Okay. Many thanks. I wish you a short ATM [ph] and it would be good.
Thank you very much. Highly appreciated.
So now the next question is from Patrick Lambert, Raymond James. Please go ahead.
Hi, good morning, Steffi. Good morning, Hans, Marc. Two quick questions, the first one is on citral and actually the EBIT on Performance Products. Was there any impact of any insurance payments due already to the force majeure and how do you see that panning out in Q2, Q3 in terms both of ramp up, and also insurance contributions?
And the second will be round Ags again. When I look at the potential size of the platform post the acquisitions, would you help us qualitatively and quantitatively possible to think about the synergies you can extract from both acquisitions - both in terms of R&D and also in terms of production, crop production? Thank you.
Okay, Patrick. Your first question on citral. Yes, there is - we received an insurance payment. As always, this is an initial payment based on what you currently - what the insurers currently see. We expect a further payment, not yet clear whether that will come in Q2 or whether that will come in Q3, depends on when we will reach agreements with the insurers.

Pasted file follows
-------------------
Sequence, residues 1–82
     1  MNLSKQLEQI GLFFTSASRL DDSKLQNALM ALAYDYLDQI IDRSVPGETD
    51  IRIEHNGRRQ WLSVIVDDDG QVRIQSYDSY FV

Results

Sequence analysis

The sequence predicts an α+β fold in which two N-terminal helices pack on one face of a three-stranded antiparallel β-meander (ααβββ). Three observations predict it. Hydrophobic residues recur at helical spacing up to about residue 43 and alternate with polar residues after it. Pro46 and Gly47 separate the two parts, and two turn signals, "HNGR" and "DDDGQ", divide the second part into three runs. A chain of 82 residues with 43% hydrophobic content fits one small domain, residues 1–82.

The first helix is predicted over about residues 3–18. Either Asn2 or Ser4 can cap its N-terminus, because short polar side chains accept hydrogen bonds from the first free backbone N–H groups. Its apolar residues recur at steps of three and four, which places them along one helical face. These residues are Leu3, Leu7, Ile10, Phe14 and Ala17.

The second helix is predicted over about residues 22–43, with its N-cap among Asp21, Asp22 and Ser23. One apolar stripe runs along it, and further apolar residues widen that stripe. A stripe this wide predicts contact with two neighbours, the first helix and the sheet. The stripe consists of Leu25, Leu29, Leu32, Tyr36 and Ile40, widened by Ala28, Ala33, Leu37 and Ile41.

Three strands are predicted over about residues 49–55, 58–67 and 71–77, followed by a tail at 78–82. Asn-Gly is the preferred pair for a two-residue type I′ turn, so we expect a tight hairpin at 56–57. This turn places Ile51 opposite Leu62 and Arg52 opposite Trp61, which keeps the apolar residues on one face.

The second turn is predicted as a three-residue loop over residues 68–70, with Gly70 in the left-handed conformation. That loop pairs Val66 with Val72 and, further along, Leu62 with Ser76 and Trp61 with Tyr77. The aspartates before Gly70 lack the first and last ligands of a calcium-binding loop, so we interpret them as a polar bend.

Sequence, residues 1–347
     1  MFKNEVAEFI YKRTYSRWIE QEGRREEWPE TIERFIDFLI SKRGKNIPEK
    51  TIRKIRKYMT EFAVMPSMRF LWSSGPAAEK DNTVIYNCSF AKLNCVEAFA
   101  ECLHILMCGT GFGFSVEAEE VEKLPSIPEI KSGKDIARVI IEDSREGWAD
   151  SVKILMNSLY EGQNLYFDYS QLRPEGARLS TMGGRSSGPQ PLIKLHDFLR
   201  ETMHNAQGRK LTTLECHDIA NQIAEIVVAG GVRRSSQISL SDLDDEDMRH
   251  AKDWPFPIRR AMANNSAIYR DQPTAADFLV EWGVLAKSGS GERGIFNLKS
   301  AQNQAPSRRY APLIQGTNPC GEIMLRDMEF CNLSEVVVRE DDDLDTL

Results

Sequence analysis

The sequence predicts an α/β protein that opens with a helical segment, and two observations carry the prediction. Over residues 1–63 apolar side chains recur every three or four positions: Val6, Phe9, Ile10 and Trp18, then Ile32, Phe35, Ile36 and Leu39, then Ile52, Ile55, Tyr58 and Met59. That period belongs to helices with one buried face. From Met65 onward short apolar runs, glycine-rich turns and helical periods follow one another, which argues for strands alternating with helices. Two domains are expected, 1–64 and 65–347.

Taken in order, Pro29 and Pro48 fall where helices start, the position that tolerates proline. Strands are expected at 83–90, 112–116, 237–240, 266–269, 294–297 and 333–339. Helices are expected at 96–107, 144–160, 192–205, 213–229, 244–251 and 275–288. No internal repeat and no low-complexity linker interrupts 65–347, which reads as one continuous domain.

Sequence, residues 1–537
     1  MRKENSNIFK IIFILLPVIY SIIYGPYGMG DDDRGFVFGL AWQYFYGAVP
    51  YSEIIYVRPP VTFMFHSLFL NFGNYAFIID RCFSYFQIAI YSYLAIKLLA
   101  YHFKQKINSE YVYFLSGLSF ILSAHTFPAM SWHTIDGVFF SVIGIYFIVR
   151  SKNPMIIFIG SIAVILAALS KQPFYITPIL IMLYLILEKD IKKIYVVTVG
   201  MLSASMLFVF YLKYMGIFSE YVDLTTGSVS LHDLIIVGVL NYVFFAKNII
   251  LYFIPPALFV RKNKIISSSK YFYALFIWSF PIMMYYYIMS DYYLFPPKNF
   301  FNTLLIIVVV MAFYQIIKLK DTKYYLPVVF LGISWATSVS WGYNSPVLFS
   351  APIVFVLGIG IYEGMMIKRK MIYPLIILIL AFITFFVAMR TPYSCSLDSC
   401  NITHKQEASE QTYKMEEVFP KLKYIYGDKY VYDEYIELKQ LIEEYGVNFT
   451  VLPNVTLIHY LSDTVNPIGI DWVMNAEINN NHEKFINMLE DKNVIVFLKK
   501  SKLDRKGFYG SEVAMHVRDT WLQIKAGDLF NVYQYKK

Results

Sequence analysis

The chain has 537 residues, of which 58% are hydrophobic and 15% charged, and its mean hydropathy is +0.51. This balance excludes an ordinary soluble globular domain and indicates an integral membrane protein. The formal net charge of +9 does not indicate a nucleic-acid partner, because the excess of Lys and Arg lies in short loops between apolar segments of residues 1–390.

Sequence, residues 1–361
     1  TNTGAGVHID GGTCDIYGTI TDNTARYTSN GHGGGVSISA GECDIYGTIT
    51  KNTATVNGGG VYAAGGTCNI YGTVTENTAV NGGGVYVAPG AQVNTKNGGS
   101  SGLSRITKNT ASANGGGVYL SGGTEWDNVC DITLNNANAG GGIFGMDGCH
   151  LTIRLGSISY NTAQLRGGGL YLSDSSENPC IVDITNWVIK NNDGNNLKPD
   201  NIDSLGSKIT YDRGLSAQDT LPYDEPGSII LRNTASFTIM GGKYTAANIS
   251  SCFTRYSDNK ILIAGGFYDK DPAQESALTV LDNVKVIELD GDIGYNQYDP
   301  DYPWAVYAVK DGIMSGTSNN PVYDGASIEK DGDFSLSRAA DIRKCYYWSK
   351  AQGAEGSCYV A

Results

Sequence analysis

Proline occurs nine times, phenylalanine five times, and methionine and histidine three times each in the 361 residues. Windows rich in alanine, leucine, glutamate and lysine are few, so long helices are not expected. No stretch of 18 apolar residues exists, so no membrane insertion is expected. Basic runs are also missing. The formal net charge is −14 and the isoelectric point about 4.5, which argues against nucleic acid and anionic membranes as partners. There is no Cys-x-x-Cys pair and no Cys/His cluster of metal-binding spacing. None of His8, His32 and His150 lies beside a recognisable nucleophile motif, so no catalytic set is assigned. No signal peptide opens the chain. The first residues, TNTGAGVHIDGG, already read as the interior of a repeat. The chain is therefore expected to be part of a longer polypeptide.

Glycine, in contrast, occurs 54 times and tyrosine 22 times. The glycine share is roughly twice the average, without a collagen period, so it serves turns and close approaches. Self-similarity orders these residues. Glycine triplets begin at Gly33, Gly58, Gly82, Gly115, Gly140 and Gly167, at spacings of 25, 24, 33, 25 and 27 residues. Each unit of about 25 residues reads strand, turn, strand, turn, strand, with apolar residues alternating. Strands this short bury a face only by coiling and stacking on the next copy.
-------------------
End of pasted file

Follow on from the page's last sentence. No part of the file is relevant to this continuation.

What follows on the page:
Give you an order of magnitude of the insurance situation and I give that to you on BASF Group level, since we are partially self-insured, and then figure something in the lower double-digit million range. A positive impact in the lower double-digit million range in Q1. And as I said, not yet clear whether there will be another positive impact coming from the insurance either in Q2 or in Q3.
And in terms of volumes ramp up, how does it took?
So significant hit, obviously, you see this - I think, volume declined order of magnitude 10%-plus in the operating division in Q1. We were able to bridge supply to our customers with quantities that came in from Kuantan, but nevertheless its 10%-plus volume decline. We're ramping up as we speak, so let's keep our fingers crossed that we are able to supply our customers as quickly as possible again.